And somewhere in this whole mess, there is something about the rise of technology, and its accompanying sounds, imprint on our subconscious and affect the kinds of music that we are going to enjoy. Or whatever. But I don't personally have a lot I could say to back that up.

To sum up...
Here is a bulleted list of the things I have talked about, in case you got lost along the way.
  • Dirty bass
  • "Drops" and breakdowns
  • Varying rhythms
  • Weird, fucked up sounds
  • Anyone can make it
  • Wubwubwubwubwubwub
What's a good introduction to dubstep?
There are two ways you could go about this. The one that requires the least effort is to listen to go to and listen to their dubstep station--it's really rather good, and I'm usually impressed by the "Dank 'N' Dirty Dubz" mixes. Similarly, you could go to Pandora, and start their dubstep genre station.

If you want some artists to check out, you could do worse than to start with:
  • Beats Antique
  • Skrillex
  • Flux Pavillion
  • Bassnectar
  • The Glitch Mob
  • Zomboy
That is by no means a representative sample, but it will get you started. Go look them up on Grooveshark, or YouTube, or your own preferred method for getting music from the internet. You might find that, though you understand the music a bit better, you just don't like it. And that's okay. But you might also find yourself listening to nothing but dubstep all day and pissing off everyone around you, in which case it might be time to invest in some quality headphones.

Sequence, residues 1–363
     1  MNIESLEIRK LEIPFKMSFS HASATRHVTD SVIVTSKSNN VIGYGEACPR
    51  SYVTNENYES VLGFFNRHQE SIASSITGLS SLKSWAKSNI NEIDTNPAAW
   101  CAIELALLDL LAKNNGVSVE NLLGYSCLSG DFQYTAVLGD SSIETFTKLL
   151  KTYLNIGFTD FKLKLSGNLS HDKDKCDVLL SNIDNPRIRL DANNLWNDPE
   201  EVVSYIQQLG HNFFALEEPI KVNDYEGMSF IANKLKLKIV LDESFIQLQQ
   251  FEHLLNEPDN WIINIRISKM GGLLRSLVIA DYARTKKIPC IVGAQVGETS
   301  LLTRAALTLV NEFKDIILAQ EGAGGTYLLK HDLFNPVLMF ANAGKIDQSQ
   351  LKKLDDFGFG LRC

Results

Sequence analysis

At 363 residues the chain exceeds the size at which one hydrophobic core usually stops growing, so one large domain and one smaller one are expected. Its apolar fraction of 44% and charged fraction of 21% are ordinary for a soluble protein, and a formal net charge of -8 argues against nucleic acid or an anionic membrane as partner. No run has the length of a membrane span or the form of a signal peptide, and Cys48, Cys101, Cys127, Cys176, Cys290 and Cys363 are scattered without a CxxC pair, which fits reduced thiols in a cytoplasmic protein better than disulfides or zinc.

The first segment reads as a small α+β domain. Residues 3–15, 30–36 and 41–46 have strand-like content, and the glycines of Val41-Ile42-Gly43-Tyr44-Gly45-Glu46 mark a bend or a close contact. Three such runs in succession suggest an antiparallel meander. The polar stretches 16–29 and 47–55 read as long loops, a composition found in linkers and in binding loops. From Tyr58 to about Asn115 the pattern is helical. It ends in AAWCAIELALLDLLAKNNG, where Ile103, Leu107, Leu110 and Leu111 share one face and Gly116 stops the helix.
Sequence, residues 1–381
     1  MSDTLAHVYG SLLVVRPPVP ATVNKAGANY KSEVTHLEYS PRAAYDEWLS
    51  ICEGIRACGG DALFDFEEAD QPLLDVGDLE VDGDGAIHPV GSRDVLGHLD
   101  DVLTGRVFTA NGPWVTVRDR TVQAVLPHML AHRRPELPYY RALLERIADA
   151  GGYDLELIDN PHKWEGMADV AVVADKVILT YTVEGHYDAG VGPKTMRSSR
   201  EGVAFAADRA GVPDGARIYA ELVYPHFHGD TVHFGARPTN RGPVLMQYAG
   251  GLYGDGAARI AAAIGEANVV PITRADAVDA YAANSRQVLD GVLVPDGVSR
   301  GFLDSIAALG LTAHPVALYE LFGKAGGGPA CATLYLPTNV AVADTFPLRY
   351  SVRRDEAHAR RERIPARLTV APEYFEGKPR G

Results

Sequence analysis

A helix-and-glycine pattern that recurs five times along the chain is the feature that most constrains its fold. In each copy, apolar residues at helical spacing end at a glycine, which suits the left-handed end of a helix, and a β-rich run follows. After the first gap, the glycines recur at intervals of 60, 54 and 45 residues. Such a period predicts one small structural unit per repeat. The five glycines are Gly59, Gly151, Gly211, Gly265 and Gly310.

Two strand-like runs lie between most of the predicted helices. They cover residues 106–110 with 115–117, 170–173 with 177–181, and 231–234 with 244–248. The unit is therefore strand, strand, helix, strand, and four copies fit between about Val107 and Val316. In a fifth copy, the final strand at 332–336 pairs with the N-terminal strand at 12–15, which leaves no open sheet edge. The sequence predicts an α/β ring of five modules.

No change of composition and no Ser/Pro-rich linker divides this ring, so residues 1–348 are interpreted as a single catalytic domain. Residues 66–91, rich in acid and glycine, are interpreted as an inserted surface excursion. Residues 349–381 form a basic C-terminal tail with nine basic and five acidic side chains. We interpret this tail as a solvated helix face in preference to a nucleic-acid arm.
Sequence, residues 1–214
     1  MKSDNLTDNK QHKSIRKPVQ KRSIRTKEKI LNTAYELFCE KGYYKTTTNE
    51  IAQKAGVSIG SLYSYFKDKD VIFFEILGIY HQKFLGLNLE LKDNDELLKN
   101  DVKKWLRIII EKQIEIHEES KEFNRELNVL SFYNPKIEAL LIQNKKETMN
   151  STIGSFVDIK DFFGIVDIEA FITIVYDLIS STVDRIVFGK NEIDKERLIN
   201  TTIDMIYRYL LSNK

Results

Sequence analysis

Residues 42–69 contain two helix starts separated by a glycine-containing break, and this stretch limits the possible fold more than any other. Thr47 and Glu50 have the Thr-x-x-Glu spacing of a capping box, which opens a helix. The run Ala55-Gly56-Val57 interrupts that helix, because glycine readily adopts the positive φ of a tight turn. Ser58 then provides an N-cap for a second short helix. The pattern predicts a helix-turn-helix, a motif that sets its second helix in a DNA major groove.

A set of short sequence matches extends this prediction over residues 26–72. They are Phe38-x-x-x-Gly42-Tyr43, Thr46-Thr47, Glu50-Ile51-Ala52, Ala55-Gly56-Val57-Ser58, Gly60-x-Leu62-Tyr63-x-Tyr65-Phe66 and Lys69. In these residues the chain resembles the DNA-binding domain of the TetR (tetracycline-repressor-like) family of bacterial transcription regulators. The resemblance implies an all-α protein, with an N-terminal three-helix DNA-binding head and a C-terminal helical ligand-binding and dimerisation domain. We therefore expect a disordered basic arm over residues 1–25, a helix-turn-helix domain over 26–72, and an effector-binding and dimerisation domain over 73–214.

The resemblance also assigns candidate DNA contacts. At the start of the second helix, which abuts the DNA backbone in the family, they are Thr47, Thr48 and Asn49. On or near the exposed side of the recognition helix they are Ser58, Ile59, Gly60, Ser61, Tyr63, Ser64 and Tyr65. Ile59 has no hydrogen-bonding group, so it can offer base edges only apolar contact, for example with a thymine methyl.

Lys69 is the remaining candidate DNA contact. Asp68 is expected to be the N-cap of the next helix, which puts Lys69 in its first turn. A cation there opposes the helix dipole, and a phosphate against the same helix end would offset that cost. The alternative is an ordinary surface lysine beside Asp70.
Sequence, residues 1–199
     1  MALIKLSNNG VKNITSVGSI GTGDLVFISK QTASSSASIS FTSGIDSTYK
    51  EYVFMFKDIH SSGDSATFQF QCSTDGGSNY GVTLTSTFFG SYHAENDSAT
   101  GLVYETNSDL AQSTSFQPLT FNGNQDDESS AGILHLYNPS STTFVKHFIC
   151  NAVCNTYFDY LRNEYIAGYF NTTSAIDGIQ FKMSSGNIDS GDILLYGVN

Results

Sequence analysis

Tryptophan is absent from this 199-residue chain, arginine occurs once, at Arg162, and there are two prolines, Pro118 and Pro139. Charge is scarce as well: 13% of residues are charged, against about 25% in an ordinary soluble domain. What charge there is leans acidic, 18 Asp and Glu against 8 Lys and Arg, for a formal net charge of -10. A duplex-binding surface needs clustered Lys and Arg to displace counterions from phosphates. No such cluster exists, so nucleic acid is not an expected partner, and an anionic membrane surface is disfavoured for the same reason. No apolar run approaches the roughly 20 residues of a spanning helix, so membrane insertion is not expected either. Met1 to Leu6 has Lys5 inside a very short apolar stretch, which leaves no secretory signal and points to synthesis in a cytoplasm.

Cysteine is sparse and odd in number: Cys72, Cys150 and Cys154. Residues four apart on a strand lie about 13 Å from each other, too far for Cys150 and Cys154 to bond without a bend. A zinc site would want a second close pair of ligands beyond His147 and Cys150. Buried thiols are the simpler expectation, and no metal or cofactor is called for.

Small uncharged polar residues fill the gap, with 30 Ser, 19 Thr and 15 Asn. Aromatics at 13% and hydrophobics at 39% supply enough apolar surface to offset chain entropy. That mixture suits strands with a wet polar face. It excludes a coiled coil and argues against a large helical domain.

What does it mean when dubstep is "grimey"?
That is the dubstep that sounds like a computer having a coughing fit while falling down a flight of stairs. 

Wednesday, March 28, 2012

Metaphysics under the influence of pain medication

I was thinking about Plato's cave analogy, because I had forgotten what it was an analogy for, when I remembered that it was Plato saying, "If you have knowledge of the forms of the world, you know more than if you just knew about the things of the world." My gut reaction was, "Man, that is dumb. Sounds profound for about five seconds, and then you realize it's dumb." Trying to clarify exactly why I would say such a thing... my answer became a little more nuanced.

One interpretation is that if you understand what chairs are for, how they are used, and how they are built, you understand chairs much better, potentially in a way that you could understand how to design and engineer a new chair. But the question is whether this means knowing the form of the chair.

But this is not how Plato thinks of Forms. Instead, they are abstract things that exist apart from the material world. Sadly for Plato, much of the academic theorizing of the past century has been about exploring the social construction of our world, and how it has such little attachment to anything that is objective and universal. The study of history, for example, is about constructing a narrative to explain the causality of past events. Historical myths abound because of how much more we like an interesting story.